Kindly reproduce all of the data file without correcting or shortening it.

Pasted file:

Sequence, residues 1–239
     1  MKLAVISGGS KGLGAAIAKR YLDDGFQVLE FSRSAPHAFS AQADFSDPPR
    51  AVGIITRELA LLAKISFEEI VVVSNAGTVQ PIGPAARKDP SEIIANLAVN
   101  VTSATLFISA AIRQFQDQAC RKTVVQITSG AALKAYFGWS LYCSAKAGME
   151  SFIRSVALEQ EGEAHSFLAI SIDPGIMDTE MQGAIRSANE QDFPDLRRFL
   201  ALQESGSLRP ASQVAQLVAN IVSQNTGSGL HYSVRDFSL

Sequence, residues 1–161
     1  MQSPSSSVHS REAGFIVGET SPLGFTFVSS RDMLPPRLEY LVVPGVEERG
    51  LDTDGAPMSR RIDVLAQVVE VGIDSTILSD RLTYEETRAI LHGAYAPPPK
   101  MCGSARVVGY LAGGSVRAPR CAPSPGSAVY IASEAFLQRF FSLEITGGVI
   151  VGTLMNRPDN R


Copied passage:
Sequence, residues 1–239
     1  MKLAVISGGS KGLGAAIAKR YLDDGFQVLE FSRSAPHAFS AQADFSDPPR
    51  AVGIITRELA LLAKISFEEI VVVSNAGTVQ PIGPAARKDP SEIIANLAVN
   101  VTSATLFISA AIRQFQDQAC RKTVVQITSG AALKAYFGWS LYCSAKAGME
   151  SFIRSVALEQ EGEAHSFLAI SIDPGIMDTE MQGAIRSANE QDFPDLRRFL
   201  ALQESGSLRP ASQVAQLVAN IVSQNTGSGL HYSVRDFSL

Sequence, residues 1–161
     1  MQSPSSSVHS REAGFIVGET SPLGFTFVSS RDMLPPRLEY LVVPGVEERG
    51  LDTDGAPMSR RIDVLAQVVE VGIDSTILSD RLTYEETRAI LHGAYAPPPK
   101  MCGSARVVGY LAGGSVRAPR CAPSPGSAVY IASEAFLQRF FSLEITGGVI
   151  VGTLMNRPDN R